The typical U.S. household headed by a person age 65 or older has a net worth 47 times greater than a household headed by someone under 35, according to an analysis of census data released Monday.
While people typically accumulate assets as they age, this gap is now more than double what it was in 2005 and nearly five times the 10-to-1 disparity a quarter-century ago, after adjusting for inflation.
Samuel notes “the disproportionate sway exerted by older folks on politics”. But there’s more to life than five minutes in the voting booth every other November, and in the two years in between younger, fitter types enjoy certain advantages. As I wrote a couple of months back:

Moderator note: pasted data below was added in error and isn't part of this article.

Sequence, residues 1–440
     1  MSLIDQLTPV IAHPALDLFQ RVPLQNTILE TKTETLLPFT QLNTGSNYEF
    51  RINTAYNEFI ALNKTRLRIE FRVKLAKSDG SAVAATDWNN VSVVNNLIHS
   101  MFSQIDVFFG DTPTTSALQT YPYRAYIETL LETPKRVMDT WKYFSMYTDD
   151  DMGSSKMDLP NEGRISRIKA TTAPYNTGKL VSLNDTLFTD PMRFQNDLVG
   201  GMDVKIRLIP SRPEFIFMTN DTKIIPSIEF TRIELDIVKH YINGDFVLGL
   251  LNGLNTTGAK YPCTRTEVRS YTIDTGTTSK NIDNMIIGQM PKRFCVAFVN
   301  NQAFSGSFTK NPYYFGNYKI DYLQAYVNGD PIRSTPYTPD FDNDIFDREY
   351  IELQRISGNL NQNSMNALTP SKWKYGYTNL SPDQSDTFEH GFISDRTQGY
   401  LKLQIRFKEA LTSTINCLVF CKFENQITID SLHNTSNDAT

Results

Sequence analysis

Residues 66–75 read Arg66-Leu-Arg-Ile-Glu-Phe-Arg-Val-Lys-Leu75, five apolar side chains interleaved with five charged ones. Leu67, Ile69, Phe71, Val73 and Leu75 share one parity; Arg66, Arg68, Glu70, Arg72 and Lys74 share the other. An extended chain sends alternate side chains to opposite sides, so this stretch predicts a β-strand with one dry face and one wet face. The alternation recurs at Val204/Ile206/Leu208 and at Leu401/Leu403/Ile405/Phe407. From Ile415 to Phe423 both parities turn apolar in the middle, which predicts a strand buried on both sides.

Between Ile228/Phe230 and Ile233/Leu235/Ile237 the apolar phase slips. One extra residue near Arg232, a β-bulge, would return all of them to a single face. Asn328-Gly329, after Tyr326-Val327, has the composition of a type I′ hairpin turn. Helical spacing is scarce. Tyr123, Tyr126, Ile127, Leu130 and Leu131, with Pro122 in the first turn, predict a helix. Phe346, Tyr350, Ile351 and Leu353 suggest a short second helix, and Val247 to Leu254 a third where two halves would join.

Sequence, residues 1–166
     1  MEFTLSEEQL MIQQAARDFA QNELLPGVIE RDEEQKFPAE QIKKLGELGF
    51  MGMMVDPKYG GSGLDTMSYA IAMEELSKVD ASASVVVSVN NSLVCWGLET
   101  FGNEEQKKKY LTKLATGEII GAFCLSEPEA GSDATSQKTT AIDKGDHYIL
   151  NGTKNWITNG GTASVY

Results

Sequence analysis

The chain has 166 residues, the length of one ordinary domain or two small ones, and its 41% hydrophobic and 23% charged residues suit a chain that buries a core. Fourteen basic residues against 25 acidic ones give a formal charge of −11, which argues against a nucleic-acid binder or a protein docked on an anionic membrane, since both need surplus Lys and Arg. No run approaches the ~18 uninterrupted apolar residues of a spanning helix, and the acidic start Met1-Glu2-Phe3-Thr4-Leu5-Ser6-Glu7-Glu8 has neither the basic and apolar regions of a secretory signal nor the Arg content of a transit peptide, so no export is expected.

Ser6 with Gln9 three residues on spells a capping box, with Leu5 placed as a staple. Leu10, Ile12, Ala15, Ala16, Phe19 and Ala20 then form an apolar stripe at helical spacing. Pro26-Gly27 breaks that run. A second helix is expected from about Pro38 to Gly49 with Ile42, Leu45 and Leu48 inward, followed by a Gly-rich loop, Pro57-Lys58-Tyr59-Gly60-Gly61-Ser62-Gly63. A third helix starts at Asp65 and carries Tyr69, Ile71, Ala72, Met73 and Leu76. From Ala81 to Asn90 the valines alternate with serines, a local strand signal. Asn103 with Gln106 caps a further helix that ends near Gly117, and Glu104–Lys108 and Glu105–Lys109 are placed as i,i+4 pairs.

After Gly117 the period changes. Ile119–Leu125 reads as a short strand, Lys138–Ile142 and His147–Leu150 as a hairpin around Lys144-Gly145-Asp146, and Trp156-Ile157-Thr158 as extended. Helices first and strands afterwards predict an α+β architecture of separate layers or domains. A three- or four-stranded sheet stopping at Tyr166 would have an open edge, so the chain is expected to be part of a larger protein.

Taxing young people ever more onerously to prop up entitlements for older generations who enjoyed all the benefits of a prosperous America their grandchildren will never know is a great way to sever what little is left of the social compact. Think Wisconsin State Fair writ large: Mobs of the able-bodied preying on the more walker-intense quartiers of Florida. Seniors with terrific government checks but terrified to venture out for Parcheesi Night at the Lodge, because the parking lot isn’t as well lit as you might like. You better hope your gated community is seriously gated.